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THE PEAT-FIRE FLAME
she confessed to him how her love for him, long years
before, had tempted her to desert her seal husband — aye,
and how, in a moment of forgetfulness, she had endangered
his life, since the seal-man always seeks out the seal-
woman's earthly mate, when she desires to return to her own
kith and kin among the Seal-folk. " No charm can I give
you," she said, " save this, that the scar on thy face shall
save thy children's children from the death of the sea, and
they shall be marked thus to the end of thy race."
The sequel to this tale is stranger still. It may be read in
full in William Kirk's Stories of the Second-Sight in a
Highland Regiment, published by Eneas MacKay in 1933 —
a most fascinating volume. Briefly, the sequel is as follows.
Soon after the recital of this tale in 1916 at an outpost in
France, Morrison, the reciter, was wounded, and came home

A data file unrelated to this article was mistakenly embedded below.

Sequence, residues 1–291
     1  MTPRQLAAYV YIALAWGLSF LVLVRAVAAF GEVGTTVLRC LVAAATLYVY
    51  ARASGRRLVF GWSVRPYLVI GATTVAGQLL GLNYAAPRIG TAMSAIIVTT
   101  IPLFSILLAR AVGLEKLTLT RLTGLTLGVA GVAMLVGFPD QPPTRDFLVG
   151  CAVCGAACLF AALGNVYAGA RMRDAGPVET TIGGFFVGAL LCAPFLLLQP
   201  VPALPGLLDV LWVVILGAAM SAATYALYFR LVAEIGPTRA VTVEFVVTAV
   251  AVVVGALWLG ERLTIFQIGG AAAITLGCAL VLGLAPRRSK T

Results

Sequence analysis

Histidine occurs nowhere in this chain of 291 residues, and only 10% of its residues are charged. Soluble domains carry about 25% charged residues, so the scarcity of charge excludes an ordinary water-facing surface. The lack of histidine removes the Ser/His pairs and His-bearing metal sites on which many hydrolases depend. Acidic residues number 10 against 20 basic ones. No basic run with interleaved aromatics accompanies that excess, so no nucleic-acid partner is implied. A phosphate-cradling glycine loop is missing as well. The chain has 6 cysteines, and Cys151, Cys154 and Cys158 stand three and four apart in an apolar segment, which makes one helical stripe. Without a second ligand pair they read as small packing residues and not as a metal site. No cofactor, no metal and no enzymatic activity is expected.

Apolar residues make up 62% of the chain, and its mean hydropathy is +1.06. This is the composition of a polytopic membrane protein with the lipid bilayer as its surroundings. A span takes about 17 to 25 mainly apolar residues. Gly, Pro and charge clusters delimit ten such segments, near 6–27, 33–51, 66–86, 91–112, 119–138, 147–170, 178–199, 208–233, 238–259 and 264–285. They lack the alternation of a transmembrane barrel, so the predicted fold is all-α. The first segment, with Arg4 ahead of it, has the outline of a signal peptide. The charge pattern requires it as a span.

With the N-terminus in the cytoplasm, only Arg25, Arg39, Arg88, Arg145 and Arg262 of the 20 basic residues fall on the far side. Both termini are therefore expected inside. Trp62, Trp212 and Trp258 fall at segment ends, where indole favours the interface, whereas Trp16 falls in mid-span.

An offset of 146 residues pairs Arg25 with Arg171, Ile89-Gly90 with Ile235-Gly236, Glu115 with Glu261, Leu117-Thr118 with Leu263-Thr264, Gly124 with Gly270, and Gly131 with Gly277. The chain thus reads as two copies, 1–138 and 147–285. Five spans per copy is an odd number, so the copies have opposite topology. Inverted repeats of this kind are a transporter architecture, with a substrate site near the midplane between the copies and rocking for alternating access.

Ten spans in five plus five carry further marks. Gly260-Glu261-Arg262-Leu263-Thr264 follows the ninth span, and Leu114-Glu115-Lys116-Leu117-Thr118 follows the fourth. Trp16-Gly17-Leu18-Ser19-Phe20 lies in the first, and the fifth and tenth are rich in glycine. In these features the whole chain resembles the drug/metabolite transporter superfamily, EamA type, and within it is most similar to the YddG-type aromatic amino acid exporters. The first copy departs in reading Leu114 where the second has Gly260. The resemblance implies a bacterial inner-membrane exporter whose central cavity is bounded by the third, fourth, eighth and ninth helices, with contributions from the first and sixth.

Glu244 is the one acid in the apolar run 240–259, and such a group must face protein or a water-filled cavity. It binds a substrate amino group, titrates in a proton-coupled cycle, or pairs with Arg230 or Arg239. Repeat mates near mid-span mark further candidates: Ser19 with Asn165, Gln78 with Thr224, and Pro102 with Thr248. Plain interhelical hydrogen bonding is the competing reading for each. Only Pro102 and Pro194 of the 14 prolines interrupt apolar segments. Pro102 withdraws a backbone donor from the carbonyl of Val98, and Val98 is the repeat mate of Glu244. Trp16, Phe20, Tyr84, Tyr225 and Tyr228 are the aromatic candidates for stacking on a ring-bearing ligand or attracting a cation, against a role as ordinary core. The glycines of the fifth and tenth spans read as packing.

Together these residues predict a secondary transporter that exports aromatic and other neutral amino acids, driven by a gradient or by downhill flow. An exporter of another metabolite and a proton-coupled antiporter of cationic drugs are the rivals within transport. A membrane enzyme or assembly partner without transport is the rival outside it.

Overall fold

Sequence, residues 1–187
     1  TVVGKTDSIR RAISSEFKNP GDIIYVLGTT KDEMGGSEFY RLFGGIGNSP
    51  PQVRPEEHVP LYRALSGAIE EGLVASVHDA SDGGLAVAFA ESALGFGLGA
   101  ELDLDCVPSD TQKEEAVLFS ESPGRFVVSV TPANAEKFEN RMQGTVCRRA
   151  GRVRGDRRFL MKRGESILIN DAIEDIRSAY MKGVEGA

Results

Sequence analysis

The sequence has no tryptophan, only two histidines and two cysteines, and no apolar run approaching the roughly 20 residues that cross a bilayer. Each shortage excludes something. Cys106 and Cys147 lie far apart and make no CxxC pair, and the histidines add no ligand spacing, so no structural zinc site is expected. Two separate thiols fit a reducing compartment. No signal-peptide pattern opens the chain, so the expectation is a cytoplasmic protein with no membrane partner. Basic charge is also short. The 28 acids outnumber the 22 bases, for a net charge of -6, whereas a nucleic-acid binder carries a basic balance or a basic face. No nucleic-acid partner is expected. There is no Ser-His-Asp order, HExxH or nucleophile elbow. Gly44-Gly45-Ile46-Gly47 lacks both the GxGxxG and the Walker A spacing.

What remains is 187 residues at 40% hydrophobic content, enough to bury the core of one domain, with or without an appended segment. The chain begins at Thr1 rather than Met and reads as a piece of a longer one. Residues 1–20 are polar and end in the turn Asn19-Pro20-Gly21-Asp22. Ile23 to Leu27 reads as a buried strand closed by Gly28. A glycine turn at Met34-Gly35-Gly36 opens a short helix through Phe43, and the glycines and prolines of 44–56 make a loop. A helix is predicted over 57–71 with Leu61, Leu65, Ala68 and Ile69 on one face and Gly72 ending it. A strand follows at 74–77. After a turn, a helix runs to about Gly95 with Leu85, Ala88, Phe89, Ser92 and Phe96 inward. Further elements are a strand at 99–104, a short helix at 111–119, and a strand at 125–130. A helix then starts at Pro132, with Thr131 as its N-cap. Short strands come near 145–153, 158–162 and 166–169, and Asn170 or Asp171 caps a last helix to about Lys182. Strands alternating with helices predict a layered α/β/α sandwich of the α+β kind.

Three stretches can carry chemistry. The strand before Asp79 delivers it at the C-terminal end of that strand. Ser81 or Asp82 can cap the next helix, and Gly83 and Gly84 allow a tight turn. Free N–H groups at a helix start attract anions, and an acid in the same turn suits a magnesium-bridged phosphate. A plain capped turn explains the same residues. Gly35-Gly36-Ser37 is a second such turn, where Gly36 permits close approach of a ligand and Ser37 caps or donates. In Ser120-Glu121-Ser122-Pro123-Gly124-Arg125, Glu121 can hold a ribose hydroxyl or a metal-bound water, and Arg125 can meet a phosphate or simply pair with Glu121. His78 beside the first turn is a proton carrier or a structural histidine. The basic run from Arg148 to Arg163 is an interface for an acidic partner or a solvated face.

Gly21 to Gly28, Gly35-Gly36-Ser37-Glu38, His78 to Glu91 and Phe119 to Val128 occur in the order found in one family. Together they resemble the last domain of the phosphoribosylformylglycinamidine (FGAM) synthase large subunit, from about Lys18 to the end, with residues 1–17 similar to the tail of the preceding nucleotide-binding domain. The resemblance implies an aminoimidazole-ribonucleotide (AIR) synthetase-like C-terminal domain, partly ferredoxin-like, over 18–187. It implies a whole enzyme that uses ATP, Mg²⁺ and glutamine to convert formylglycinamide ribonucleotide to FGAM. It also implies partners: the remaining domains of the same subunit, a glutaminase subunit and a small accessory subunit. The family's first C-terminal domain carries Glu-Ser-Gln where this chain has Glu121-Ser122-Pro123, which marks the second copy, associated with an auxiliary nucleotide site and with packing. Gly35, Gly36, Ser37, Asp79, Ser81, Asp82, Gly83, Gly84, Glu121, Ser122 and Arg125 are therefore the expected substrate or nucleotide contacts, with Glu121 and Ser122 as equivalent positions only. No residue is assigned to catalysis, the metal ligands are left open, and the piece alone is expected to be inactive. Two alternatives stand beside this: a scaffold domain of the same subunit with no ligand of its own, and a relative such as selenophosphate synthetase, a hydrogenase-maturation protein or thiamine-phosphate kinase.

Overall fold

to this country, never to return to his original battalion.
Thereafter one of the listeners, an officer in that battalion,
lost sight of him completely. But this officer had not yet
heard the last about the MacCrimmons. Some time later,
when the battalion was receiving much-needed reinforce-
ments, there arrived at the front a draft that included a
MacCrimmon. The officer in question, recollecting
Morrison's weird tale, succeeded in getting MacCrimmon
allocated to his own company. Soon he recognised this
addition to his ranks to be ill-adapted to soldiering. The
sea appeared obviously to be his natural environment.
There was no doubt that he was a MacCrimmon of Barvas
— but, somehow or other, he did not have upon his face
the traditional scar of his kindred, the Seal-folk. When
the officer noted this deficiency , his interest both in
MacCrimmon and in Morrison's tale subsided for a while.
Months later the battalion was billeted behind the lines,
and near a spot where there was a private menagerie.
From this menagerie there escaped a leopard that roamed
at large in a neighbouring wood, greatly to the terror of
the civilian population, and not altogether conducive to the
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